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Shōgun, Page 2

James Clavell

  He went into the great cabin. The Captain-General, Paulus Spillbergen, was lying half conscious in his bunk. He was a short, florid man, normally very fat, now very thin, the skin of his paunch hanging slackly in folds. Blackthorne took a water flagon out of a secret drawer and helped him drink a little.

  “Thanks,” Spillbergen said weakly. “Where’s land—where’s land?”

  “Ahead,” he replied, no longer believing it, then put the flagon away, closed his ears to the whines and left, hating him anew.

  Almost exactly a year ago they had reached Tierra del Fuego, the winds favorable for the stab into the unknown of Magellan’s Pass. But the Captain-General had ordered a landing to search for gold and treasure.

  “Christ Jesus, look ashore, Captain-General! There’s no treasure in those wastes.”

  “Legend says it’s rich with gold and we can claim the land for the glorious Netherlands.”

  “The Spaniards have been here in strength for fifty years.”

  “Perhaps—but perhaps not this far south, Pilot-Major.”

  “This far south the seasons’re reversed. May, June, July, August’re dead winter here. The rutter says the timing’s critical to get through the Straits—the winds turn in a few weeks, then we’ll have to stay here, winter here for months.”

  “How many weeks, Pilot?”

  “The rutter says eight. But seasons don’t stay the same—”

  “Then we’ll explore for a couple of weeks. That gives us plenty of time and then, if necessary, we’ll go north again and sack a few more towns, eh, gentlemen?”

  “We’ve got to try now, Captain-General. The Spanish have very few warships in the Pacific. Here the seas are teeming with them and they’re looking for us. I say we’ve got to go on now.”

  But the Captain-General had overridden him and put it to a vote of the other captains—not to the other pilots, one English and three Dutch—and had led the useless forays ashore.

  The winds had changed early that year and they had had to winter there, the Captain-General afraid to go north because of Spanish fleets. It was four months before they could sail. By then one hundred and fifty-six men in the fleet had died of starvation, cold, and the flux and they were eating the calfskin that covered the ropes. The terrible storms within the Strait had scattered the fleet. Erasmus was the only ship that made the rendezvous off Chile. They had waited a month for the others and then, the Spaniards closing in, had set sail into the unknown. The secret rutter stopped at Chile.

  Blackthorne walked back along the corridor and unlocked his own cabin door, relocking it behind him. The cabin was low-beamed, small, and orderly, and he had to stoop as he crossed to sit at his desk. He unlocked a drawer and carefully unwrapped the last of the apples he had hoarded so carefully all the way from Santa Maria Island, off Chile. It was bruised and tiny, with mold on the rotting section. He cut off a quarter. There were a few maggots inside. He ate them with the flesh, heeding the old sea legend that the apple maggots were just as effective against scurvy as the fruit and that, rubbed into the gums, they helped prevent your teeth from falling out. He chewed the fruit gently because his teeth were aching and his gums sore and tender, then sipped water from the wine skin. It tasted brackish. Then he wrapped the remainder of the apple and locked it away.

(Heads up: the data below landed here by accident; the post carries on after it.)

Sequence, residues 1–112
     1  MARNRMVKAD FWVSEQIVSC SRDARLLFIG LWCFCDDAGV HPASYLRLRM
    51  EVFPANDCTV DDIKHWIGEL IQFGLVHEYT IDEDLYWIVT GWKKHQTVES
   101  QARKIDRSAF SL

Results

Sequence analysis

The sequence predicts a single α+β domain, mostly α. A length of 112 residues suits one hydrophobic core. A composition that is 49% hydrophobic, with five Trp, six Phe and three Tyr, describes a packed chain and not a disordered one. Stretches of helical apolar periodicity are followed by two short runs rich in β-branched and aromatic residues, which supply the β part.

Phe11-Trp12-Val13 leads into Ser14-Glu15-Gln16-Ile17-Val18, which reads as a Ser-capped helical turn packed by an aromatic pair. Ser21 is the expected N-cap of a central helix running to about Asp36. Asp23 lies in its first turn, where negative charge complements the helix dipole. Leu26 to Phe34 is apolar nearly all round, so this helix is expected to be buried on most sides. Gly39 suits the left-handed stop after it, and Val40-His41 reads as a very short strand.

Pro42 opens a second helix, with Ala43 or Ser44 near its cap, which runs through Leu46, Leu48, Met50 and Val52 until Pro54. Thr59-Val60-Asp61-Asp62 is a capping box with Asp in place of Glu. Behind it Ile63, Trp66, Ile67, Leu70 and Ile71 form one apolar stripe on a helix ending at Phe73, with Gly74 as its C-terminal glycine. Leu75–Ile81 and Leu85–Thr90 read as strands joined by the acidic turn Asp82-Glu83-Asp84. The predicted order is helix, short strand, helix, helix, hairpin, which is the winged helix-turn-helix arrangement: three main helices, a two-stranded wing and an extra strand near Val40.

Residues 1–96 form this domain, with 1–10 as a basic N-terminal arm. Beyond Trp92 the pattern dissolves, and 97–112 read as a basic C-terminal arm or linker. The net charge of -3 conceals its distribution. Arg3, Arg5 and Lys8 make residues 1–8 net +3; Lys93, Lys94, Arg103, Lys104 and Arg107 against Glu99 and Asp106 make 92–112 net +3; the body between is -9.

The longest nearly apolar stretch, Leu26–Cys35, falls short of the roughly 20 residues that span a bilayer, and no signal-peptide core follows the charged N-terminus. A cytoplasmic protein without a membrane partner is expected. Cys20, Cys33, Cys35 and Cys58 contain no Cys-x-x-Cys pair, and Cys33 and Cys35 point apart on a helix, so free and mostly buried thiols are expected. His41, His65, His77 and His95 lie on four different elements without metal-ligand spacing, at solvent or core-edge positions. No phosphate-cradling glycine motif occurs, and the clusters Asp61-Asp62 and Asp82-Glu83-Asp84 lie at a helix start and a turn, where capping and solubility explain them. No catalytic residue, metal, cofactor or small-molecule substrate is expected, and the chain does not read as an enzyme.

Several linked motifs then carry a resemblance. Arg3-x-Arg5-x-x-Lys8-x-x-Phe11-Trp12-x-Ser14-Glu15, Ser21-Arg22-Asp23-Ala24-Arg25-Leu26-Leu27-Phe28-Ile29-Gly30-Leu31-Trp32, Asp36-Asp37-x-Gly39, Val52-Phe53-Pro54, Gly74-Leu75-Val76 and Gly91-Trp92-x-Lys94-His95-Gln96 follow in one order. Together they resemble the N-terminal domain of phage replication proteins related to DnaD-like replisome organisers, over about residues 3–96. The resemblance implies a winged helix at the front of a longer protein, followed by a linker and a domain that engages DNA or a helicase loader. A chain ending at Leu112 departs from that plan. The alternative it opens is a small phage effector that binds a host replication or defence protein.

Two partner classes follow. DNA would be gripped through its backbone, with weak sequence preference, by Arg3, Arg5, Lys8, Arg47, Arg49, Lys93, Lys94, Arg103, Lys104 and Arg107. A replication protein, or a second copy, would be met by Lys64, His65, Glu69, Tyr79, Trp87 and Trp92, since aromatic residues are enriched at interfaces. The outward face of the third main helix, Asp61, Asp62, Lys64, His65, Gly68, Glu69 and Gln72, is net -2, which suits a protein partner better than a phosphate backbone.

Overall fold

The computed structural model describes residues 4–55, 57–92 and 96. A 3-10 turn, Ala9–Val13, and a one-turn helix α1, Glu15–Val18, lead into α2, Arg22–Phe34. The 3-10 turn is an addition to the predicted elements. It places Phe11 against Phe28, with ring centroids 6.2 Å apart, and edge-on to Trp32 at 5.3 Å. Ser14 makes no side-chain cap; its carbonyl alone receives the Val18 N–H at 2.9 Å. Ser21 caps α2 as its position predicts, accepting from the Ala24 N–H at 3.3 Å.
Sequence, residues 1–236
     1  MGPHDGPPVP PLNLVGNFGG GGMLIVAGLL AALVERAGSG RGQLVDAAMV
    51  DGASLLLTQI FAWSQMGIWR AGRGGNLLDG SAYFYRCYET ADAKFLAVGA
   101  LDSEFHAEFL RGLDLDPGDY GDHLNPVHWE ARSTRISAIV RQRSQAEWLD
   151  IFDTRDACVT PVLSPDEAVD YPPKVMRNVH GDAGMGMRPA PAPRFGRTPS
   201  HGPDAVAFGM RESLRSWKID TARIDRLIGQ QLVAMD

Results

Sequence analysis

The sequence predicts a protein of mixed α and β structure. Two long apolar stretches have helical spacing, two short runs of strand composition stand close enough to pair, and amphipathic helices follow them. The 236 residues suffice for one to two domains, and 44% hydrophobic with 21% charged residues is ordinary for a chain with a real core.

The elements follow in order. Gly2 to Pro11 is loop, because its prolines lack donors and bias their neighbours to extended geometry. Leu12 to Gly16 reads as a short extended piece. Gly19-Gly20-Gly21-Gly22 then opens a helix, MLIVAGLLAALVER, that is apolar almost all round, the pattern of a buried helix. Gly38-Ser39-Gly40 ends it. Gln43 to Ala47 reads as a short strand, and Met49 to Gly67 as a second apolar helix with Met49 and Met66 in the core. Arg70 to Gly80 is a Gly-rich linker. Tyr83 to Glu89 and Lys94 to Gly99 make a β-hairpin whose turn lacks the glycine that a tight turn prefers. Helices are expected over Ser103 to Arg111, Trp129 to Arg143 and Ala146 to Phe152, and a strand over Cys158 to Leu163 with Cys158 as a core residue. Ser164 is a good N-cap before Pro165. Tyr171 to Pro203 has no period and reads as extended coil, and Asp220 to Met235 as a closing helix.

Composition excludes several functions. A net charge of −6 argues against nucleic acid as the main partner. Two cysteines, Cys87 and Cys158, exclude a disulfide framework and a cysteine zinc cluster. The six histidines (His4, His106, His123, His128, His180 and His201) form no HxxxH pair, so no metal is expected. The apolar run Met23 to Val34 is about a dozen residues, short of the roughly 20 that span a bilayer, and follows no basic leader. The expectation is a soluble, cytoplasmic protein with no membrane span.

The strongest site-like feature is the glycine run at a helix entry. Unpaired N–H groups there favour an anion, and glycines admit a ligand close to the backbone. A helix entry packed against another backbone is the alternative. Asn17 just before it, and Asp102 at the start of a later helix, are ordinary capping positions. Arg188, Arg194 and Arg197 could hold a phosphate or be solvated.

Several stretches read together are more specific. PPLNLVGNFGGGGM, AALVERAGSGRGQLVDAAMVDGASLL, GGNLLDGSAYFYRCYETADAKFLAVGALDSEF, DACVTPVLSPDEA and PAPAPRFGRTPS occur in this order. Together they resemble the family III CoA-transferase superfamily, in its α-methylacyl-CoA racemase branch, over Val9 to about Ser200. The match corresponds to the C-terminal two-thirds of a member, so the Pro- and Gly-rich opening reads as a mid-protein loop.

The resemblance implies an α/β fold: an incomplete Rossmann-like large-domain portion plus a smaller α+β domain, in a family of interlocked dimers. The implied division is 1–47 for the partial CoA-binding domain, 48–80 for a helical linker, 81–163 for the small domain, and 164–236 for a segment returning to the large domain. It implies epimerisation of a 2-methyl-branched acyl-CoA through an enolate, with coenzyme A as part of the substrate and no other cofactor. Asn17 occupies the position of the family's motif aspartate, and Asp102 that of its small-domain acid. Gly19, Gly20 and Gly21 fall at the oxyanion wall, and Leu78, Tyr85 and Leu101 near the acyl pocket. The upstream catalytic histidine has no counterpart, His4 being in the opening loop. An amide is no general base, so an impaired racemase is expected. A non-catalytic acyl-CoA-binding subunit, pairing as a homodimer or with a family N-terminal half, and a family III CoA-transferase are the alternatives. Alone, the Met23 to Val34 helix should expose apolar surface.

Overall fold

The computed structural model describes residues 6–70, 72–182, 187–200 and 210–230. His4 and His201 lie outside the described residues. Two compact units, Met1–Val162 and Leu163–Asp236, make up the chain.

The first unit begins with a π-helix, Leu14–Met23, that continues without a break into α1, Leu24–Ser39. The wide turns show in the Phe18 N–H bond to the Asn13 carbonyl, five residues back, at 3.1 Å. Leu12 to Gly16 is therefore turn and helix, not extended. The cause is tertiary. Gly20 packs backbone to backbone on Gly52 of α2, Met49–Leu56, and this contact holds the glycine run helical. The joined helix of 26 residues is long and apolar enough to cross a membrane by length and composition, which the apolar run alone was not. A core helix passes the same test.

A rat scurried in the shadows cast by the hanging oil lantern over his head. Timbers creaked pleasantly. Cockroaches swarmed on the floor.

  I’m tired. I’m so tired.

  He glanced at his bunk. Long, narrow, the straw palliasse inviting.

  I’m so tired.

  Go to sleep for this hour, the devil half of him said. Even for ten minutes—and you’ll be fresh for a week. You’ve had only a few hours for days now, and most of that aloft in the cold. You must sleep. Sleep. They rely on you….

  “I won’t, I’ll sleep tomorrow,” he said aloud, and forced his hand to unlock his chest and take out his rutter. He saw that the other one, the Portuguese one, was safe and untouched and that pleased him. He took a clean quill and began to write: “April 21 1600. Fifth hour. Dusk. 133d day from Santa Maria Island, Chile, on the 32 degree North line of latitude. Sea still high and wind strong and the ship rigged as before. The color of the sea dull gray-green and bottomless. We are still running before the wind along a course of 270 degrees, veering to North North West, making way briskly, about two leagues, each of three miles this hour. Large reefs shaped like a triangle Were sighted at half the hour bearing North East by North half a league distant.